Two original research are contextualized within the Fried's frailty phenotype model, which, based allows individuals to be classified as robust, pre-frailty or frailty on the number of lacking factors out of the five main components (weakness, sluggishness, involuntary weight loss, exhaustion, and low physical activity).

The first article investigates the specific contribution of each of the Fried's frailty components in a sample of 142 oldest old community-dwelling people. A multiple correspondence analysis has made it possible to identify two main facets of frailty: one related with physical components and the second related with intrinsic conditions (Alves et al.).

The second article investigates whether the frailty phenotype has a different association with hearing loss (HL) and tinnitus in 429 community-dwelling older adults. Authors found that frailty phenotypes showed divergent association with HL and tinnitus (Ruan, Chen, Zhang, Ruan et al.).

The Multidimensional Approach—Valuing Cognitive Frailty

Cognitive decline and impaired global cognition have been mostly linked to frailty in the elderly. Cognitive frailty refers to the co-occurrence of mild cognitive impairment and physical frailty in the absence of a diagnosed major neurocognitive disorder (MND).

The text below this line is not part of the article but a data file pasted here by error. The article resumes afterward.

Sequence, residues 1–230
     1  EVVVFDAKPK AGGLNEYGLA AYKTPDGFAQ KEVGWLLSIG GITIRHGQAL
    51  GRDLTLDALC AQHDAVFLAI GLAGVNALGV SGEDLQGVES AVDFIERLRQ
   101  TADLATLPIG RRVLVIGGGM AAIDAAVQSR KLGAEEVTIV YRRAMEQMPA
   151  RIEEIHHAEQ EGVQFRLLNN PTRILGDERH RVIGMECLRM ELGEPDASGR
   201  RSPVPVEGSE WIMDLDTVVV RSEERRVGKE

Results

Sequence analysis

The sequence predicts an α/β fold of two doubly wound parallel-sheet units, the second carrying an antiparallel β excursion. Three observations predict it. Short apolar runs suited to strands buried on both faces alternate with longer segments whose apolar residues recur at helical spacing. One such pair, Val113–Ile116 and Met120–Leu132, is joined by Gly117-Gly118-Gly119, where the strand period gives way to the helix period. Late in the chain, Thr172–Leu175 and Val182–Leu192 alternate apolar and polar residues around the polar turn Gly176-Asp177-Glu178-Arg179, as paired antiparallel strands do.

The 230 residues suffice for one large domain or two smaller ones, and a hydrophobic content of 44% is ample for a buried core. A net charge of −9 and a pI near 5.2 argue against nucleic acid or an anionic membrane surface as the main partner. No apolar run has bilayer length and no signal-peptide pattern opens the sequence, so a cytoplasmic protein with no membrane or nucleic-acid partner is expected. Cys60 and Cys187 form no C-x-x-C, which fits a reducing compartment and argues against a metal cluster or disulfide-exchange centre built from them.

Two original articles suggest the importance of:

(1) screening cognitive frailty with short cognitive screening instruments, analyzing their diagnostic accuracy in a Chinese population of 95 outpatients in rehabilitation clinics and suffering from subjective cognitive disorder, mild cognitive impairment and major neurocognitive disorder (Xu et al.).

(2) applying objective assessments for the diagnosis of cognitive frailty subtypes, analyzing it in 335 community-dwelling older adults suffering from subjective cognitive decline and mild cognitive impairment compared to 144 robust elderly with normal cognition (Ruan, Chen, Zhang, Zhang et al.)

The general concept of looking more deeply into the cognitive correlates of frailty is interesting and may shed light on a more comprehensive model of cognitive frailty. This aspect becomes even more pervasive in the case of MND. This aspect is addressed by an original research which aims to identify predictors of those severe conditions in a sample of 250 adults, 30.4% of whom were classified as having probable major neurocognitive disorder (Sousa et al.). Authors found that advanced age, school education, physical activity, and hand strength are major predictors of MND.